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December 30, 2003

2004 — A Time to Resume Mediating?

Joe Volz

Now that the New Year is upon us, the Frederick city fathers and mothers might want to re-energize that 21st Century concept that hardly had a chance last year — regular mediation sessions between the mayor and aldermen.

As far as I know there was only one session and it was closed, so who knows what happened? No others were scheduled. There was debating about who wanted more and who didn’t. Who knows?

But why not resume them for 2004? They could serve a number of purposes.

I would like to suggest a few changes, although I am open to arbitration on the issues.

For one thing, all sessions ought to be held in public. After all, these are elected officials. We ought to be able to see them in action. We do not hold our trials behind closed doors. Defendants are entitled to an open trial. So, too, should our public servants be entitled to open mediation sessions.

So you say, but perhaps they don’t want the privilege. They feel they will get more done in private.

Isn’t that a precious idea? When things are held in private, we often hear conflicting versions of the truth, as told by the participants. Let’s let the light shine in and let the populace decide who the heroines and villains are.

Now, I am sure the sessions would bring out a large crowd, no doubt a larger audience than attended “Witness for the Prosecution” at the Weinberg Center. So, why not move the show to the Weinberg — the theater needs the business -- and charge five bucks a head for a monthly meeting. We could hold them on a night that might usually be dark at the theater, like a Thursday. Or, maybe we could have an occasional matinee for high school civic classes — for free.

Of course, the sessions would be televised and that ought to eventually coax more people out. We could have a local radio celebrity, somebody like Blaine Young, emceeing the show to keep it moving or maybe someone from the News-Post. Roy Meachum would be a great emcee. He would be fair. He thinks the whole bunch at City Hall, or at least most of them, need a lot of advice. Roy is good at providing advice and since he looks upon local Democrats and Republicans, or most of them, with equal disdain, it would be hard to accuse him of choosing sides.

So, you say, what could be accomplished by such a circus? Well, what has been accomplished by the current circus at City Hall?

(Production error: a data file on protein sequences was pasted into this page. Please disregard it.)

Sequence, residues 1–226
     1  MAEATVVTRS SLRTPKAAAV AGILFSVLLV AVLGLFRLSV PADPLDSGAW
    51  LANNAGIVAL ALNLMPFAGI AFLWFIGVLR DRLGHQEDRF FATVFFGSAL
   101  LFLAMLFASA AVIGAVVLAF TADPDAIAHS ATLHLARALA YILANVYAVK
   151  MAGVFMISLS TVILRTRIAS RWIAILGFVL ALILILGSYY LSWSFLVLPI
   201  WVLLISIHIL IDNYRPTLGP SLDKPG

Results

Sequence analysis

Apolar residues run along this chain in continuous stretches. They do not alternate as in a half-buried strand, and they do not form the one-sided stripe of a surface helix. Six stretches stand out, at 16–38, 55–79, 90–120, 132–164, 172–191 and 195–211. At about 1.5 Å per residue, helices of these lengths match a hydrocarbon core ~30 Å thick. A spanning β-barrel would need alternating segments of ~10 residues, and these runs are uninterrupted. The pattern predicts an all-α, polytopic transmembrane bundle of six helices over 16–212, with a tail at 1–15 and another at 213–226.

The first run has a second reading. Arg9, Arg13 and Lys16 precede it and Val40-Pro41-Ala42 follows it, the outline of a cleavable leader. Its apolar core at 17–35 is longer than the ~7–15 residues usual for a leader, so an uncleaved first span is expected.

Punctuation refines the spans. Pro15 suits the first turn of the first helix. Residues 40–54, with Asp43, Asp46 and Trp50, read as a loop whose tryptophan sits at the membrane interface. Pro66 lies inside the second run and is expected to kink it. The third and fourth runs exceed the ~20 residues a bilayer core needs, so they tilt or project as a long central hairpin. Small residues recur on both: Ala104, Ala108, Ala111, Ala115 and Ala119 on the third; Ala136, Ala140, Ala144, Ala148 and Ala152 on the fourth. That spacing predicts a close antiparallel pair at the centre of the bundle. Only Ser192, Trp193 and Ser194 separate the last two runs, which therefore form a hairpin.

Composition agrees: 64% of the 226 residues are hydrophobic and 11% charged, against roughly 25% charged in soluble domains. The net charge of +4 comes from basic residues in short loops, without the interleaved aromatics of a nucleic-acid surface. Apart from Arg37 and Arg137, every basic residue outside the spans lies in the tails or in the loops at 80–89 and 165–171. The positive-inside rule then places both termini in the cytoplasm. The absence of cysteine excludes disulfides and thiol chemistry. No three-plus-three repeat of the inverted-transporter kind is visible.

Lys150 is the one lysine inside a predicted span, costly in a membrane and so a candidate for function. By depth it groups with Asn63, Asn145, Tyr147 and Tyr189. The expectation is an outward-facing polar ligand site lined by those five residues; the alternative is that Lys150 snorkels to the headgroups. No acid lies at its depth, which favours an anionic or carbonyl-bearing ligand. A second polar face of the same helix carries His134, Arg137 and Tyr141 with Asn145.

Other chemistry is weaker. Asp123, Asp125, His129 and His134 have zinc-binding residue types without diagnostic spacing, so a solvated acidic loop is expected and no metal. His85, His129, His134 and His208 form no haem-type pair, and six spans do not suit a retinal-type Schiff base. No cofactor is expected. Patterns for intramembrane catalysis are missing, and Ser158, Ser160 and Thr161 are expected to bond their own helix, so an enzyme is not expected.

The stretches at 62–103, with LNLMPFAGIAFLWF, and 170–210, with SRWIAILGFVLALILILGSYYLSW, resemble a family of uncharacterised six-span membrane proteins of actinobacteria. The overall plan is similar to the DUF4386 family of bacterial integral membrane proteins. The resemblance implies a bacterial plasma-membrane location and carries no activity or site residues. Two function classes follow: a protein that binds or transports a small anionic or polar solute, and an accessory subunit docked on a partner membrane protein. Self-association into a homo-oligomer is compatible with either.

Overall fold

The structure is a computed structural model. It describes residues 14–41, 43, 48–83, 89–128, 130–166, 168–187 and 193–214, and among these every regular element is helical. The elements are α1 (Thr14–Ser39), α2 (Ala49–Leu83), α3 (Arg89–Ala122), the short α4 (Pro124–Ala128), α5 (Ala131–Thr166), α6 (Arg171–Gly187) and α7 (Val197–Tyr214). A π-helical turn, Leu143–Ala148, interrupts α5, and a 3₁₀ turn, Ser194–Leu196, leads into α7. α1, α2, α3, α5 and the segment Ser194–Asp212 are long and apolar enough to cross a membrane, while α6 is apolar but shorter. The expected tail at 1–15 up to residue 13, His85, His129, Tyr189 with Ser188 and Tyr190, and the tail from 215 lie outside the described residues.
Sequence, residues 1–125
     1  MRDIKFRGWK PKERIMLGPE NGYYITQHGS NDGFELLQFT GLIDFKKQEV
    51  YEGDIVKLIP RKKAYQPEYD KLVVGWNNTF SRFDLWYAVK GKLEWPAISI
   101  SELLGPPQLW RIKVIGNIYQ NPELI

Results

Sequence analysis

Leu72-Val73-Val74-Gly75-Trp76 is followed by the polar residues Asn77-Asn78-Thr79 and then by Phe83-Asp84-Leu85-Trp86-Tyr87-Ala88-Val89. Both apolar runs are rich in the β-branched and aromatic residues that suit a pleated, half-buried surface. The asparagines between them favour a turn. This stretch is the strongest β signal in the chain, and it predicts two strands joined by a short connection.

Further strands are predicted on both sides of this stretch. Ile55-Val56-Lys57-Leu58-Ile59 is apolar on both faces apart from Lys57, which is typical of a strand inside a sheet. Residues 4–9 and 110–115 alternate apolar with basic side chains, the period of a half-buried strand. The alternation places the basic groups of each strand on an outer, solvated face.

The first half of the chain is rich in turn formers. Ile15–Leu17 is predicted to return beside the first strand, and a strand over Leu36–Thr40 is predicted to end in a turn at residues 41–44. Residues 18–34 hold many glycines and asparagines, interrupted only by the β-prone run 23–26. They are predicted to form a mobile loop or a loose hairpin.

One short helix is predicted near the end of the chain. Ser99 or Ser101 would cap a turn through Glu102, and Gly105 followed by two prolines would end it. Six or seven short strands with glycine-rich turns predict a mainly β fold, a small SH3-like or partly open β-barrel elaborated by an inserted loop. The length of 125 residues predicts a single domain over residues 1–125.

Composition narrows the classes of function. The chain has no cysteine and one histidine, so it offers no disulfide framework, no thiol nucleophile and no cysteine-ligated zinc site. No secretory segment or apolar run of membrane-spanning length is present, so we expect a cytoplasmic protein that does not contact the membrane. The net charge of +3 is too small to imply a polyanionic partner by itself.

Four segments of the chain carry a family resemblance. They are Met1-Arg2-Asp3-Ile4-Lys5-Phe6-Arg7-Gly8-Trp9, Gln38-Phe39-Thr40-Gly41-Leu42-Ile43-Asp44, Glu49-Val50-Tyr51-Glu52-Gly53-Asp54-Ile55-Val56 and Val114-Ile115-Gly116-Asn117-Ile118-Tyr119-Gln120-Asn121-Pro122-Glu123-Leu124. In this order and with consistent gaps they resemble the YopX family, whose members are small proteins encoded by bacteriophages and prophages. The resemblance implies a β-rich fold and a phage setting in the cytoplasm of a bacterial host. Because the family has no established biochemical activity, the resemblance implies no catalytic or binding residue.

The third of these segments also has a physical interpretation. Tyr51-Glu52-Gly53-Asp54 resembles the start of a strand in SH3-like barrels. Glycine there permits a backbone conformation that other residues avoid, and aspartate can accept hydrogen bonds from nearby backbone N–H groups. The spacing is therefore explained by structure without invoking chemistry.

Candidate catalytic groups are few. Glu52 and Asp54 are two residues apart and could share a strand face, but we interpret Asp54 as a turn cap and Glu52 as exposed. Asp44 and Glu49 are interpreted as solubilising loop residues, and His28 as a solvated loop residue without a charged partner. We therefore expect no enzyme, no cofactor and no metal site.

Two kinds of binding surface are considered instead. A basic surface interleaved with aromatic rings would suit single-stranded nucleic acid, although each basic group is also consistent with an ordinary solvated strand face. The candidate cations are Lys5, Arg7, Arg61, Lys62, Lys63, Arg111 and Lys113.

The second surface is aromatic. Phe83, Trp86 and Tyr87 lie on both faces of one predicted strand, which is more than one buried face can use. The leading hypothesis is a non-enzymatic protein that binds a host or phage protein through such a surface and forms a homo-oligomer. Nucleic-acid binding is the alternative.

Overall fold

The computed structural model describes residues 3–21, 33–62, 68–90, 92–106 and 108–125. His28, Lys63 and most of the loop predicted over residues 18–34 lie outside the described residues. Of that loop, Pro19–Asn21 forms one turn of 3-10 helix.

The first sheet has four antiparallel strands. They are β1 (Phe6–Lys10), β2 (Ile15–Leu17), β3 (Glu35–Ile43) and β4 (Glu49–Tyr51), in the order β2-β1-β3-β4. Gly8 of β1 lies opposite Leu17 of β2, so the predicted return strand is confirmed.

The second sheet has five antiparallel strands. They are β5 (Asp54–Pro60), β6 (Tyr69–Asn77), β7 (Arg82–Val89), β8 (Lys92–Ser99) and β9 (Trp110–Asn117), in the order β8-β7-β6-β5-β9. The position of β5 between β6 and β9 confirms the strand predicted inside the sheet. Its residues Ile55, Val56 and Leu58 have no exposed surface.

At least this way, the city would make a couple of bucks. We might even make up the revenue we lost when the city virtually invited the air show to leave town.

Well, what should be the primary topic for mediation? The Weinberg, of course, is a big one. How much should the city contribute to this troubled enterprise and how much control should Vinny Hughes have in running the place? How many other people are going to be involved in running it? Who gets to hire the staff?

But, first of all, good mediation would help our combative public servants learn how to play in the sandbox better with each other. In fact, it might not be a bad idea to put a big sandbox on the stage for the first session, give our honorable mayor and aldermen some shovels (plastic, so they don’t hurt each other in moments of rage) and let them divide up the territory.

A person who can learn to play fairly in the sand box, not seizing too much of the other kids’ sand and not throwing any in anyone’s face, is well on the way to taking the first positive step on the way to serenity.

Then, we can try one of those exercises so favored by todays leading psychologists. The participants practice listening to each other without interrupting. Even better, the participants practice talking in non-accusatory language.

Now, I concede that all of this is a long shot. After all, our local politicians do not have many good national political role models. The president and his men and women are constantly accusing the opposition of being unfair, unreasonable and downright mean. And that is just his opponents in the U.S. (He has a point with the terrorists, but that’s another story.)

It is even worse in the Democratic Party, where the million candidates running for president enjoy picking on their own party's frontrunner — at this point Howard Dean, who is Mayor Dougherty’s favorite.

But if the mediation works and we actually get something done and solve such pressing issues - like how many restaurant tables should be allowed on the sidewalks of the city — and how much the restaurateurs should pay the city for the privilege, then the sessions will be worth it.

Isn’t it pretty to think so?

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